The other reality - faced by other groups - is the fact that by starting younger, some get tired of doing it (bored or a 'been there, done that attitude) by the time they can really begin to both understand it and appreciate it.

I am humbled by Moms such as yourself so eager to get their children started on the path of holiness but I feel that is best to take a small wait in introducing LF to such a young girl - this coming from a mom of 7 girls! Starting off on introducing your daughter to saint's stories and working on practicing the virtues appropriate for a 3 year old is a great foundation and LF will be a wonderful addition once she is older and better able to understand the concepts. Once she is older she is more fully able to really participate by both being able to read the materials on her own as well as do the activities more independently.

Each family will make their own decision but using other materials, developed with a preschooler in mind, would be my recommendation and waiting for LF until they are older.”

I hope this clarifies our position on this. I honor every parents right and obligation to teach the faith to their children and welcome each and every opportunity to have our programs be a part of this formation.

Finally, in the midst of this season of Thanksgiving I want to take a moment to say “Thank You” to all of you. Thank you for letting us into your homes, schools and home school groups. Thank you for letting us help you raise the next generation of saints, the next leaders who will both bring Christ’s Kingdom here on earth but celebrate it for all eternity in heaven.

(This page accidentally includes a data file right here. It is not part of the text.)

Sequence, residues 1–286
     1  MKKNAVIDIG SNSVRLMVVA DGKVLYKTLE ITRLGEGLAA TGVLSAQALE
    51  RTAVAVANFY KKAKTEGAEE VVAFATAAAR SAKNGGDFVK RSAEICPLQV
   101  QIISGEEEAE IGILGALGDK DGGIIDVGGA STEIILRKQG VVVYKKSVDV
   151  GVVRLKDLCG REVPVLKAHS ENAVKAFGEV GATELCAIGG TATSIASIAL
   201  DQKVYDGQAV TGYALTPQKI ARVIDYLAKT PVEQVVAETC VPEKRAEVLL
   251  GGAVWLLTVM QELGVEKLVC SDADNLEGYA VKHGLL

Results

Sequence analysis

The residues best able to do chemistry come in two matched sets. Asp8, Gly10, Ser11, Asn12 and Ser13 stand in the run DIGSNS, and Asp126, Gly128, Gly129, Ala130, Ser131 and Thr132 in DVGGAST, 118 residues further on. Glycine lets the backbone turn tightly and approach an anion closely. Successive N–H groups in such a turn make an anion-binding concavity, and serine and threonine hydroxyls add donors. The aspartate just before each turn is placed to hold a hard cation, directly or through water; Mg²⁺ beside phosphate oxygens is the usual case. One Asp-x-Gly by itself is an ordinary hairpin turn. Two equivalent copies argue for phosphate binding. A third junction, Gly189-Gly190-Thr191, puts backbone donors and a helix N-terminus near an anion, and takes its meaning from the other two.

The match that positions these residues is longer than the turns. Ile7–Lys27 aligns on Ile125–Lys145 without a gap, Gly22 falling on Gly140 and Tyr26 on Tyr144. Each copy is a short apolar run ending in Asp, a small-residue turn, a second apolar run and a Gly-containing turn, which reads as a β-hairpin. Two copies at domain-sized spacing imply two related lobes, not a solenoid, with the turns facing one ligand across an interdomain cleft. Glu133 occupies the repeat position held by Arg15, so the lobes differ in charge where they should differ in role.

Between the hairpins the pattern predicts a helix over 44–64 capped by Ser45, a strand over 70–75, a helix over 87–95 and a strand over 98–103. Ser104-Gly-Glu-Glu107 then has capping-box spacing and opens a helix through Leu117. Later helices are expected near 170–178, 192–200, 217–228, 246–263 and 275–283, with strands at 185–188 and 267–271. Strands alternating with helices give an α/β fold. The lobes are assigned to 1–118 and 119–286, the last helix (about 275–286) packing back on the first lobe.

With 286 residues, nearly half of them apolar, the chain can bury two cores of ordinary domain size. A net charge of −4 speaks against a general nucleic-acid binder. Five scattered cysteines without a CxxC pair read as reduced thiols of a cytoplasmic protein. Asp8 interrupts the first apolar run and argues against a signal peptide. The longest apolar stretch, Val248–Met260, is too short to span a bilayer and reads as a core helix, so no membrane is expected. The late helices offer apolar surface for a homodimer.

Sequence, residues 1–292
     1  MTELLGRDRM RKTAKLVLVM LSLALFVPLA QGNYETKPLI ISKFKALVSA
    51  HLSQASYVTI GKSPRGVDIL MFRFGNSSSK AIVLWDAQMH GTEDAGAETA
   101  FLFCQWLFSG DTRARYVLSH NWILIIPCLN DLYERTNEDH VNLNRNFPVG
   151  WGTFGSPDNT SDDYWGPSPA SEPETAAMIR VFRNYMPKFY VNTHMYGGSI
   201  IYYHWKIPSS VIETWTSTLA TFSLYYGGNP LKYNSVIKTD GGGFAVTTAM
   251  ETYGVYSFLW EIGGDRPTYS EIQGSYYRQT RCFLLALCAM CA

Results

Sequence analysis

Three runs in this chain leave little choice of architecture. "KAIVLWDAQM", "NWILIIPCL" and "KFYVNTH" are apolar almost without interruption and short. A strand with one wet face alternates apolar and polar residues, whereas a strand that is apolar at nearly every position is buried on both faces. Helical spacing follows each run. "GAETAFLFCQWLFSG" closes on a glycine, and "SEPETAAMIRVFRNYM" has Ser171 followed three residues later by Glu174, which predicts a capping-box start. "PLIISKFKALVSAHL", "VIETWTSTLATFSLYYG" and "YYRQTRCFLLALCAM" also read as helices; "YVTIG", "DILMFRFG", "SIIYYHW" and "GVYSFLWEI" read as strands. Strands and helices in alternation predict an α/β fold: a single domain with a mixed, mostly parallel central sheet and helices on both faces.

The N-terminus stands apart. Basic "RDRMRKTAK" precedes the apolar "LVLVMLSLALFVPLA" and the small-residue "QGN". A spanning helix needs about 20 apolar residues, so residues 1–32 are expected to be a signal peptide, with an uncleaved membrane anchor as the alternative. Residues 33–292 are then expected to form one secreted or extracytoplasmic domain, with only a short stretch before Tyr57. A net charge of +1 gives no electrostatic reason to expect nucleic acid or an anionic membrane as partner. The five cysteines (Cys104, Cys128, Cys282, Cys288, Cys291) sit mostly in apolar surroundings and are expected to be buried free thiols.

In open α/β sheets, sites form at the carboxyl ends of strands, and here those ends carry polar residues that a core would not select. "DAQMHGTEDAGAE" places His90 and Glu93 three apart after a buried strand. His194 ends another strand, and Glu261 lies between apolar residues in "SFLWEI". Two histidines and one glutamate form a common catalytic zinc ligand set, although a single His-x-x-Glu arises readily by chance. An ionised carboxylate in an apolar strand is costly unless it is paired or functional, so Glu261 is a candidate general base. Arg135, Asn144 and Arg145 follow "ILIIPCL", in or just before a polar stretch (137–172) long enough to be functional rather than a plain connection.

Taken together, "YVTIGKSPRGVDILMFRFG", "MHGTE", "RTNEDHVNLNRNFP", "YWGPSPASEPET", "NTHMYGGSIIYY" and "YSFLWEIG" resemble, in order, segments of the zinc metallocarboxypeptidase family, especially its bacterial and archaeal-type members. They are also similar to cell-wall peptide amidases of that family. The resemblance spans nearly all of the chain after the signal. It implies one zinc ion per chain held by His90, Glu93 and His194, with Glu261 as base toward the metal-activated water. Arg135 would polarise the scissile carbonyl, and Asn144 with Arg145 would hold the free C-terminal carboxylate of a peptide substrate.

This year has been a challenge for all us for many reasons even without the added challenge of the economy. The perseverance and dedication of many of the families of Behold the Child, Ecce Homo Press, Little Flowers, Blue Knights, the Hospitality families, Honor Guard and more is encouraging. When I remember all of you in my prayers the words that most often come to my heart as “well done, good and faithful servants!” Thank you!

Two recommended preschool materials might include:

The Catholic Children’s Treasure Box series published by the Maryknoll Sisters in the 1950’s now reprinted and available from many sources.

Rosemarie Gortler has written a lovely series of small books for preschoolers including “Little Acts of Grace”. These are perfect preschooler books and also available from many sources.


Cam said...

It is hard to wait! I just stumbled across your blog and am enjoying it. We have two girls and are still years away from starting the program (ones two and a half and one's six months) but I still love googling the program now and then!

Angela said...

For those looking to do things with younger children I found a great site. Catholic Icing. It is a site run by a Catholic home schooling mom. I have found so many wonderful ideas for my youngest there.